Model name: Autumn Under The Stars
Artist: Ikki Moroike
Materials: Ebonite with Maki-e decoration
Filling system: Converter & Cartridge type
Nib selection: Available in M & B 21K solid gold bicolor nib
Limited Edition: 28 pieces worldwide
“Autumn under the Stars” features the key stars of the magnificent constellations of Ursa Major and Cassiopeia plus the Polaris North Star.
Below – A Leafy Autumn Landscape
Above – Cassiopeia and Ursa Major
Beyond – The Milky Way
Autumn is beginning in the Northern Hemisphere. The constellation of Ursa Major now appears to be lumbering along the horizon and towards the East we see the classic ‘W’ formation of the constellation of Cassiopeia (The Queen) apparently climbing high into the North East of the Milky Way which bisects the Autumn early evening sky. Between the two constellations sits the North Star –Polaris , the brightest star of the neighboring constellation Ursa Minor.
Ursa Major – The most prominent feature of this constellation is the ‘Plough’, an asterism that is actually better known than the constellation itself! The plough has historically been thought of as a saucepan, a ladle, a wagon and a chariot and more recently by Americans as ‘The big Dipper’. The brightest star in the constellation of Ursa Major is called Dubhe.
Polaris –The North Star is 432 light years away and is 46 times larger than our Sun.
Cassiopeia – As legend has it this constellation was named after a vain Greek Queen. The characteristic ‘W’ formation of the major stars is clearly visible with the Milky Way in the background.
The artist, Ikki Morioike, has created his masterpiece through the autumn red hue of the maple leaves with the constellations above and a special window across the landscape to the distant stars of the Milky Way. Also shown in the design is the fruit and leaves of the Snake Gourd.
Click to enlarge
About the Collection:
Seasons Under The Stars
Human Kind has always had a fascination for the Stars and the Heavenly Constellations.
The Four Seasons have also attracted much interest in all cultures.
Maki-e artist Ikki Moroike has combined the Landscapes and Skyscapes at night to create a special Limited edition collection of Fountain pens depicting the most famous constellations visible in the night sky.
Inspiration for these night landscapes was drawn from the Japanese artistic movement
known as “Shin Hanga” or “ New Etching” which took place between 1910-1940. The most beautiful prints called “Shiki-e” ( landscape images according to the Seasons) which were adaptations of the original woodblock artwork. Some artists were particularly skilled at creating the mystery of a night atmosphere. One artist- Kawase Hasui (1883-1957) was famous for his Winter landscapes and his talent for portraying snow landscape such as his famous ‘Canal under the snow’ .
The maki-e process and techniques:
-Taka-maki-e: “Taka” means ” raised” and refers here to a relief decoration. This technique is one of the pillars of maki-e decoration developed back in the fourteenth century.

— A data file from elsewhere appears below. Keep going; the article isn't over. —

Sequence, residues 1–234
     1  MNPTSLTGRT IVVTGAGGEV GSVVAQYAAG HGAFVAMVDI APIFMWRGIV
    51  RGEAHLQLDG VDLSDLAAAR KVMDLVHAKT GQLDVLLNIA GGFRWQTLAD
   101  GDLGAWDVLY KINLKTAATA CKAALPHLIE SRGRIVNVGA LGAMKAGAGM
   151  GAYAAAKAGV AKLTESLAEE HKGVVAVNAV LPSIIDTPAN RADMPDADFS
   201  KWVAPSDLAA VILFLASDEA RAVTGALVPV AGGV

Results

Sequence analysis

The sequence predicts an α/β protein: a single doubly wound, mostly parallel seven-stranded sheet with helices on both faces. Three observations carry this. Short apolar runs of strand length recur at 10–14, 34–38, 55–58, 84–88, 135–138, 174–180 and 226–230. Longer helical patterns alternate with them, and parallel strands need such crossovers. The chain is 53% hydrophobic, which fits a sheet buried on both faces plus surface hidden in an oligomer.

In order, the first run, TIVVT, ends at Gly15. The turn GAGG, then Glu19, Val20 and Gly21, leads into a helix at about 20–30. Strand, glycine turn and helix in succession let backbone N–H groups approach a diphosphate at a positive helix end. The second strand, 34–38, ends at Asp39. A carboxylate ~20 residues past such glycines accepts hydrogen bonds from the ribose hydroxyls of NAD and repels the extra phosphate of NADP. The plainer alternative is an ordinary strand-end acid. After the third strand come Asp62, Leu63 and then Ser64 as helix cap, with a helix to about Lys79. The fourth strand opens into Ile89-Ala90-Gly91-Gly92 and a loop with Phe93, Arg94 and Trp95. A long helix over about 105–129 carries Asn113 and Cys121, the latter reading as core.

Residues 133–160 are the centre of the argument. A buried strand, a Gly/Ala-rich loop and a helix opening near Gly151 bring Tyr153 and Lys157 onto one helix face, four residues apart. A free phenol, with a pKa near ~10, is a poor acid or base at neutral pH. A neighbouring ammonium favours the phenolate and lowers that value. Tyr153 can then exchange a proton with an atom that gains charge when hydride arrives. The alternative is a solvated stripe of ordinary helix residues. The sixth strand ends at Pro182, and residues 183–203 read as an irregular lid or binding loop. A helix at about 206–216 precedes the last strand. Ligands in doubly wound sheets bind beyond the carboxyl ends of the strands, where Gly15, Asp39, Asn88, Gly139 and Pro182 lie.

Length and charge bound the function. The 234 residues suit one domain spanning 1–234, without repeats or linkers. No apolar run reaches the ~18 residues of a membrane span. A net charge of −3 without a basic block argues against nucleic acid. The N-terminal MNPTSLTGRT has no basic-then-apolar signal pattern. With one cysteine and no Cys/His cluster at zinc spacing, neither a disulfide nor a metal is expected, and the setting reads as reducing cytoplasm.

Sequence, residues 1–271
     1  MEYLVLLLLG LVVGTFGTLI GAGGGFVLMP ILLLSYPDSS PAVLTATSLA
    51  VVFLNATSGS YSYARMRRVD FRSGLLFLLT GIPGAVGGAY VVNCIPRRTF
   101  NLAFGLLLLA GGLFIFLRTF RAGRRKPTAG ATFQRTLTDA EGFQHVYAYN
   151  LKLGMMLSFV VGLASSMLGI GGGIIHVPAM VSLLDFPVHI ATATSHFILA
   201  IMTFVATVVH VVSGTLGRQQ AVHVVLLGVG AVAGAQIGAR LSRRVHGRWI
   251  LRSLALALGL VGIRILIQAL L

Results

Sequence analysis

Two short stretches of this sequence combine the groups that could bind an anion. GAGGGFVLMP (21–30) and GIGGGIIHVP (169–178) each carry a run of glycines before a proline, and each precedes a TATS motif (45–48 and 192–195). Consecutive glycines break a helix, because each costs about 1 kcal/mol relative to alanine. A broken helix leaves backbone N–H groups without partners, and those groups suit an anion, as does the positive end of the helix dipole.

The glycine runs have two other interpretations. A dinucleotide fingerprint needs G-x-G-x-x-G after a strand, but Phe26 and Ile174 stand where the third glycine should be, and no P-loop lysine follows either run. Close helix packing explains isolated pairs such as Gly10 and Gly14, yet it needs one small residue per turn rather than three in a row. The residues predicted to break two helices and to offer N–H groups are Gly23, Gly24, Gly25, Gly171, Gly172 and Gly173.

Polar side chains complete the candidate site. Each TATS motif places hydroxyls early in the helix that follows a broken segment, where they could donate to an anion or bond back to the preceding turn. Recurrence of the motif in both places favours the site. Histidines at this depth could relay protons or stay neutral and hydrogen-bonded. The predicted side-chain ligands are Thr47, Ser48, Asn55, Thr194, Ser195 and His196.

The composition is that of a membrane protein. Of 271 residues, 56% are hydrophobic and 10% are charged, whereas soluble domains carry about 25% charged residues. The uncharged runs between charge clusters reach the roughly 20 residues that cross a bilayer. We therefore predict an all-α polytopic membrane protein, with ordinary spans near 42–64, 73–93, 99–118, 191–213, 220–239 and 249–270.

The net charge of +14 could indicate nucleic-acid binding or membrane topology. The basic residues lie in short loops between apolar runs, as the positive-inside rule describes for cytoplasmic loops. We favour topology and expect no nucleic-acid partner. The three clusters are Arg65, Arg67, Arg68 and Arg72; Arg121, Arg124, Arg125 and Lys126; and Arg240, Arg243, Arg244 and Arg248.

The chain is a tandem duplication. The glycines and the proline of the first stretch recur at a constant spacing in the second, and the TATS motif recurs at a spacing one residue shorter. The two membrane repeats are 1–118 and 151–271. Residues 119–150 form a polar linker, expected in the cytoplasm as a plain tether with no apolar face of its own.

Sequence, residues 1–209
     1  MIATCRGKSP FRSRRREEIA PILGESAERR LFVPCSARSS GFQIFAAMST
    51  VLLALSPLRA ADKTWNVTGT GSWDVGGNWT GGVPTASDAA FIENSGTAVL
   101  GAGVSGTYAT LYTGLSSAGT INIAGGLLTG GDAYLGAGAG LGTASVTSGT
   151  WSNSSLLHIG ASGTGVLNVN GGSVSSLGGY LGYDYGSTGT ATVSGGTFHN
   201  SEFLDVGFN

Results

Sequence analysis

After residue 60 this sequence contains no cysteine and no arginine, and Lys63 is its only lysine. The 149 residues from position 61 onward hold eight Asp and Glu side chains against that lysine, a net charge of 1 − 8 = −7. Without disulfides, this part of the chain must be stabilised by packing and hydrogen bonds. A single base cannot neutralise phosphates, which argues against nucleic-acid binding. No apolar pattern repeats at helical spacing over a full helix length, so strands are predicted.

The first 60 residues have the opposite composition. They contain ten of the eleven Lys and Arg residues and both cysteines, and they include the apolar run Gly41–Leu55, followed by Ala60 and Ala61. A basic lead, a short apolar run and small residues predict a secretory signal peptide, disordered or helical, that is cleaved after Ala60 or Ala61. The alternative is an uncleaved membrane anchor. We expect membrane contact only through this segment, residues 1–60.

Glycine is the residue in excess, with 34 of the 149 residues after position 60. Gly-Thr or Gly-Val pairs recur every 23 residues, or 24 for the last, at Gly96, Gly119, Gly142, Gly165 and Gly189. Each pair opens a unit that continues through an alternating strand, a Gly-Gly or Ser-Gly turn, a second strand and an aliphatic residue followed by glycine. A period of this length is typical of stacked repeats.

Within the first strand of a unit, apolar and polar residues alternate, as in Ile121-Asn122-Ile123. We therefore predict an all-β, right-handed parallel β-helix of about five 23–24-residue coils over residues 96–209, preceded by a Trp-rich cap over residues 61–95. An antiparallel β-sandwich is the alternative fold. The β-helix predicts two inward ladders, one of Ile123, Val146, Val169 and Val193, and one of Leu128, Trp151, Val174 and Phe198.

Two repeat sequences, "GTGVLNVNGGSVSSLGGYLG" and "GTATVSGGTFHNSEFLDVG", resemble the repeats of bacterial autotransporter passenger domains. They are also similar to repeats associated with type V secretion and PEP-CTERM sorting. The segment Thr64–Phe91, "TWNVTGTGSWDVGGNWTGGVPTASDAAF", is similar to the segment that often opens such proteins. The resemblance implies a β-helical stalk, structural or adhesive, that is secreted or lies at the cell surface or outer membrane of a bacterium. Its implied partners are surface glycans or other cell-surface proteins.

The thick lacquer “urushi-Hakushita” is mixed with gold dust resulting in “Kin-taka-maki-e”
(also less frequently using silver dust resulting in “Gin-taka-maki-e”), The mixture is thickened by the addition of powder material (eg charcoal) and is applied to the design to create a slightly raised effect. The relief is increased by layering and then is covered with translucent lacquer for finishing. The result gives a true sense of depth through the various layers of thickened lacquer. The maple leaves on the barrel are good examples of this technique.
-Shishiai-togidashi-maki-e: this complex method is most difficult, because it combines several techniques. It is mostly with a scene or landscape. This method highlights all the details of the design, and gives it depth and perspective. The artist can bring out the foreground, or details , by specially preparing the different layers of lacquer and exposing each of them by polishing togidashi (see below).
Some patterns are processed as flat designs (hira-maki-e), and others in relief (taka-maki-e) often with inclusions of semi-precious materials such as raden etc. with other maki-e techniques. This process is very time consuming mainly due to the laquer drying time between each step.
-Togidashi-maki-e: the development of a decoration by repeated polishing.
The general principle is to cover the prepared substrate (ebonite base of the pen) with several layers of black Urushi lacquer or alternatively with gold or silver paint with a base coloured maki-e lacquer. Then gold dust is sprinkled onto the base “togidashi kin” or silver dust “togidashi gin.” In the case of the use of many colored pigment powders it is called “iro-togidashi” . This first phase provides a slight relief decoration. Then the artist covers all the subject with the same lacquer used for the first layer and the whole is then sanded and polished until smooth and shiny. All layers are covered with a special Urushi lacquer which is sanded in the sanding/polishing process.